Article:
33 Many Firms As a rule, monopolistically competitive markets are not marked by economies of scale or high start-up costs, allowing more firms
34 Few Artificial Barriers To Entry Firms in a monopolistically competitive market do not face high barriers to entry. Patents do not protect anyone from competition It includes many competing firms Producers have a hard time keeping out competitors
35 Slight Control Over Price Firms in a monopolistically competitive market have some freedom to raise prices Because each firm's goods are a little different from everyone else's. There is only limited control because consumers will substitute with a rival s goods
36 Differentiated Product Firms have some control over their selling price because they can differentiate Distinguish their goods from other products in the market Firms profit by selling their differences
37 When do firms in monopolistic competition have some control over prices? Number of Firms: MANY Variety of Goods: SOME Monopolistic Competition Barriers to entry: LOW Control over Prices: LITTLE
38 Nonprice Competition It is a way to attract customers through: Style Service Location but not a lower price 1. Characteristics of Goods 2. Location of Sale 3. Service Level 4. Advertising Image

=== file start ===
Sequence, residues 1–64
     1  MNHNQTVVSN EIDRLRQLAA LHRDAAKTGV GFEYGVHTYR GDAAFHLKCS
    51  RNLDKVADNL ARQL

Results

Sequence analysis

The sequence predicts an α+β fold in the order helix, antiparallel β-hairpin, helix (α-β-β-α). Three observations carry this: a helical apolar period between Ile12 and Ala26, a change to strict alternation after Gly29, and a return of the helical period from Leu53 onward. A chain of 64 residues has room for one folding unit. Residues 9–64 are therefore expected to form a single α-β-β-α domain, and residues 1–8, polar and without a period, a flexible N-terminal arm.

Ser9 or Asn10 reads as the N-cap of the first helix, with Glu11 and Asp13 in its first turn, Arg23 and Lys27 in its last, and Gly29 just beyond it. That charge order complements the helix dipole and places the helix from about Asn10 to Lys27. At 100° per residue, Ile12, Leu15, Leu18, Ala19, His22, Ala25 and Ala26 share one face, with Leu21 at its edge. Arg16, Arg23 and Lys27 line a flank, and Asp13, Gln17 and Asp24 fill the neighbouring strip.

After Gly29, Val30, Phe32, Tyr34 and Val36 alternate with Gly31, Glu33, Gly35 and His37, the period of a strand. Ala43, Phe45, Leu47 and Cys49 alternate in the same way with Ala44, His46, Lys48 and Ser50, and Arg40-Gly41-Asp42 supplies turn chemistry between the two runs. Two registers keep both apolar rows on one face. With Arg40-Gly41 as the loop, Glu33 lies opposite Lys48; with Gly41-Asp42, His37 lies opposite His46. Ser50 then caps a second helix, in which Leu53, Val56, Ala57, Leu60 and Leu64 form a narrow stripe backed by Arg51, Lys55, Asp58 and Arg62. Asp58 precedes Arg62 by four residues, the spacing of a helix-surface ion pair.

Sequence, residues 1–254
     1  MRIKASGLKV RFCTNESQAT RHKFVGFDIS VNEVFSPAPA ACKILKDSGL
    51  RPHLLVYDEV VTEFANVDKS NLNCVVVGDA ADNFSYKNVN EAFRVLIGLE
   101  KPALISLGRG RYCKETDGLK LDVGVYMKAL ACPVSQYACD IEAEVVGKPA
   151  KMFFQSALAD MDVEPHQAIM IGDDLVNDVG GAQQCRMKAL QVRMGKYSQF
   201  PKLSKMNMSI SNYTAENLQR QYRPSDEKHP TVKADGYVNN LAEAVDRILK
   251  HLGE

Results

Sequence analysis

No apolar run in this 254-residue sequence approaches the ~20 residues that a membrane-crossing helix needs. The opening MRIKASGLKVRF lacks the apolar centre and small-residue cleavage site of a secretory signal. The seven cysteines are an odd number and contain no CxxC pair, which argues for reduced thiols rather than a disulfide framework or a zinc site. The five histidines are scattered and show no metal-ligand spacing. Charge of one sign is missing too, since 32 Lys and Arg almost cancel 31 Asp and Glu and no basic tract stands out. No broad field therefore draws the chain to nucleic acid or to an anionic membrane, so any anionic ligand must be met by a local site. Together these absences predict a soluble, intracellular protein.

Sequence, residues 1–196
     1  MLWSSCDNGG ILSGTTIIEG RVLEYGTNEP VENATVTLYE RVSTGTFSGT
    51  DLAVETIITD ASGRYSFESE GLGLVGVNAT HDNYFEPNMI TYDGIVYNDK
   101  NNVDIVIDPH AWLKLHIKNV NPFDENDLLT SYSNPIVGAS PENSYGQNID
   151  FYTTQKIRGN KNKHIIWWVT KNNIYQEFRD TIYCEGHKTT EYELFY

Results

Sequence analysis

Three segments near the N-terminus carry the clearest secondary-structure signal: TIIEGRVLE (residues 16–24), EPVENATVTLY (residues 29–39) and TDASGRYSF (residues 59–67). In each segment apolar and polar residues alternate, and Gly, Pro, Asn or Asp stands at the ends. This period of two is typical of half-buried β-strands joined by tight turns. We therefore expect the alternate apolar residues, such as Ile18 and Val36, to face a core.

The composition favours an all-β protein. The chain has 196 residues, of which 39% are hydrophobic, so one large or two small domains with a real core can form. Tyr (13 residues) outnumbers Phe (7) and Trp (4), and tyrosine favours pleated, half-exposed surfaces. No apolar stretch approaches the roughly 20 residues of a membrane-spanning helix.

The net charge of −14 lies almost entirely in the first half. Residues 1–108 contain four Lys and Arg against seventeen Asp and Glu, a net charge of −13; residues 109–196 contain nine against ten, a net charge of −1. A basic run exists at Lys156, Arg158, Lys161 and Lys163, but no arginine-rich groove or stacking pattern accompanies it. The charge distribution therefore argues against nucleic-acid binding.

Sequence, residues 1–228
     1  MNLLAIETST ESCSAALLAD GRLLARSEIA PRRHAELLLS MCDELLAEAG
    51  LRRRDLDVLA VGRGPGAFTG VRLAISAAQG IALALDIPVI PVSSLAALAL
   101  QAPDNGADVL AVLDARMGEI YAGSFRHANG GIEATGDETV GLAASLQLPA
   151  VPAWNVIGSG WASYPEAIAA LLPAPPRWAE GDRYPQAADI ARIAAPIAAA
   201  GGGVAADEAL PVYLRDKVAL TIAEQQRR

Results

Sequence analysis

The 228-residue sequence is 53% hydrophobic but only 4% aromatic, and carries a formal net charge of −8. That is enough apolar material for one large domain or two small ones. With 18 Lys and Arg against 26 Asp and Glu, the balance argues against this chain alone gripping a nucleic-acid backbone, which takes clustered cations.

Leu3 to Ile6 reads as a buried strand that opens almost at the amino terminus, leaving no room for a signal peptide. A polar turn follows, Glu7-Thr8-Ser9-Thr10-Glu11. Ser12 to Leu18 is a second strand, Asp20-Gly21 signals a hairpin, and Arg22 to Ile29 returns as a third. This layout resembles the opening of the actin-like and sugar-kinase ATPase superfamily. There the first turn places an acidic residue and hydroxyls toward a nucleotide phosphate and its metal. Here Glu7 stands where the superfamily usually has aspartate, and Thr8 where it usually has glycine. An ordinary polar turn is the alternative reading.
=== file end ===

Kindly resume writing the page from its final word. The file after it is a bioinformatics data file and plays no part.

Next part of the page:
39 Characteristics of Goods The simplest way for a firm to distinguish its products is to offer a new size, color, shape, texture, or taste.
40 A convenience store in the middle of the desert differentiates its product simply by selling it hundreds of miles away from the nearest competitor. Location of Sale
41 Service Level Some sellers can charge higher prices because they offer customers a higher level of service. V.S.
42 Advertising Image Firms also use advertising to create apparent differences between their own offerings and other products in the marketplace.
43 Monopolistic Prices Prices will be higher than they would be in perfect competition firms have a small amount of power to raise prices. Too much competition stops most price changes
44 Monopolistic Profits While monopolistically competitive firms can earn profits in the short run they have to work hard to keep their product distinct enough to stay ahead of their rivals.
45 Costs and Variety Monopolistically competitive firms cannot produce at the lowest price due to the number of firms in the market. They do, however, offer a wide array of goods and services to consumers.
46 Oligopoly describes a market dominated by a few large, profitable firms. Collusion Collusion is an agreement among members of an oligopoly to set prices and production levels. The outcome is called price fixing This is illegal in the U.S. Cartels A cartel is an association by producers established to coordinate prices and production. Every member has to agree to the output levels Each member has a strong incentive to break the agreement Profit motive This is illegal in the U.S.